Maybe it was just me, but I felt like the youngest one in that clinic. I had just turned 16 years old 2 months before getting knocked up. I felt like I was in my prime. I thought I was hot shit! But I didn’t really know shit. If I had any common sense at the time, I would not have cleaned my very fertile flower with the same towel my ex-boyfriend used to clean his pollinator. Who knew that semen could survive for seven days outside of a host? I sure didn’t. I also didn’t have a great sex education. Most of what I learned about sex was through my friends at school, and most of them weren’t using condoms, either. #ThatPullOutGameStrong

A nurse came over and handed me a giant maxi pad. She said it would help with the bleeding. My tears stopped immediately. There was no more time to feel sorry for me. I could not show an ounce of weakness to anyone anymore. I wasn’t just a 16-year-old girl anymore; I had something to prove. I had to pass my 11th grade AP classes and be the first in my family to apply to universities. But first, I had to get this giant maxi pad on.

The nurse took me into a changing room where there were other women, young and old, who had just had abortions, too. As we walked into the room, we were given crackers and juice. I felt like I was part of a cowherd being shepherd from one meadow to the next. It all looked the same to me. We went from hospital gowns to the clothes we came in within a matter of minutes. We went from being pregnant to not being pregnant in just a matter of minutes, too. Between the initial shock of an unexpected, unplanned, and unwanted pregnancy and the choice to remove that pregnancy from our bodies, we were all pretty reticent in that changing room.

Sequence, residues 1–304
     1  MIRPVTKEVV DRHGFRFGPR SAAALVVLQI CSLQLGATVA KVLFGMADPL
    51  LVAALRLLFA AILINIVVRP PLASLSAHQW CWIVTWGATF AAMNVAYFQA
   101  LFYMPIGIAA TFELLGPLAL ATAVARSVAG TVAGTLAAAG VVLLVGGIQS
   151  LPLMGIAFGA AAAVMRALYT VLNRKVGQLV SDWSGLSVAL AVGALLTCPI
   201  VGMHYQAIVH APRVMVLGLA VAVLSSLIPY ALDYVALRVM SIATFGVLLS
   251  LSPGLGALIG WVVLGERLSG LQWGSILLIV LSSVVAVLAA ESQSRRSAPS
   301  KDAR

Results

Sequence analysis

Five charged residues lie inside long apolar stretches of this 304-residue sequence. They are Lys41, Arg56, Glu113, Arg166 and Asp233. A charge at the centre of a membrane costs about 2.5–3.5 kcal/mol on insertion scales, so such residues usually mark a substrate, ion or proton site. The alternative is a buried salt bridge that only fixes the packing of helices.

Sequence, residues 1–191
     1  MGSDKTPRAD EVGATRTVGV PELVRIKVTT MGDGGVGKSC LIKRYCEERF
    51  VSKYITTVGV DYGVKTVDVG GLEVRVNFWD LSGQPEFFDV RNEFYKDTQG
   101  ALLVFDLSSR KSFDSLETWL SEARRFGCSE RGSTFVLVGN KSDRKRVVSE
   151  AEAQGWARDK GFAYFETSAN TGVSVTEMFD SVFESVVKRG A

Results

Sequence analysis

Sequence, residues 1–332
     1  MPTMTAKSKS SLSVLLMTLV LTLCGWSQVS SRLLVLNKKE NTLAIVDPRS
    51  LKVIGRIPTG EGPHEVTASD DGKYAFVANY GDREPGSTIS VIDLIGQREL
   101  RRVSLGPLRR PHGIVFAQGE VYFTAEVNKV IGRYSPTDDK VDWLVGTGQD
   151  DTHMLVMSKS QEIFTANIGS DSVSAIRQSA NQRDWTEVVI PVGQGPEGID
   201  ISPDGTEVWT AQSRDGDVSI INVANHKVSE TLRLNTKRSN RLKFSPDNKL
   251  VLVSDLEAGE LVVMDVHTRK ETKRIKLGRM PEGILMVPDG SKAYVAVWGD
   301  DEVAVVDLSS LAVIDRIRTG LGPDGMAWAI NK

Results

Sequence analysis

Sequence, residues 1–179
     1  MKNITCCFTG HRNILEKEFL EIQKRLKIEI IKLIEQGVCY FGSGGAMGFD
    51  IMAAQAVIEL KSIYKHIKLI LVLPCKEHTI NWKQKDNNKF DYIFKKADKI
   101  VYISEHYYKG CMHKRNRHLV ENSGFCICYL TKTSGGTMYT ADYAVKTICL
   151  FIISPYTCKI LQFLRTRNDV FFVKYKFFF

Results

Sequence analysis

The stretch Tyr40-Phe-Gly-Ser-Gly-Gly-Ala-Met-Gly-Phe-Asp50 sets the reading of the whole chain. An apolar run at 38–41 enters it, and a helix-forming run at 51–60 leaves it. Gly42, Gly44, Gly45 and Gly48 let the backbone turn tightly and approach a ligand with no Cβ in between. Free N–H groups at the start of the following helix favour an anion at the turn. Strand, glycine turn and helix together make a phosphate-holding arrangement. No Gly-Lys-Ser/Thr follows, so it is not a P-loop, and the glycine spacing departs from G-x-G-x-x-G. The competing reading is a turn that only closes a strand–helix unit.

As I was leaving that changing room – I noticed a familiar face. Ana, my friend Rosie’s older sister, was here, too. I felt comfort in knowing I wasn’t alone. I couldn’t wait to connect with her on this shared experience. No one at school would understand what I was going through. Earlier that month, I told Rosie my period was late and that I felt something different with my body. She offered to push me down some stairs as a favor. I laughed. I almost took her up on that offer. I wonder if Rosie said the same thing to her sister when, or if she knew Ana was pregnant, too.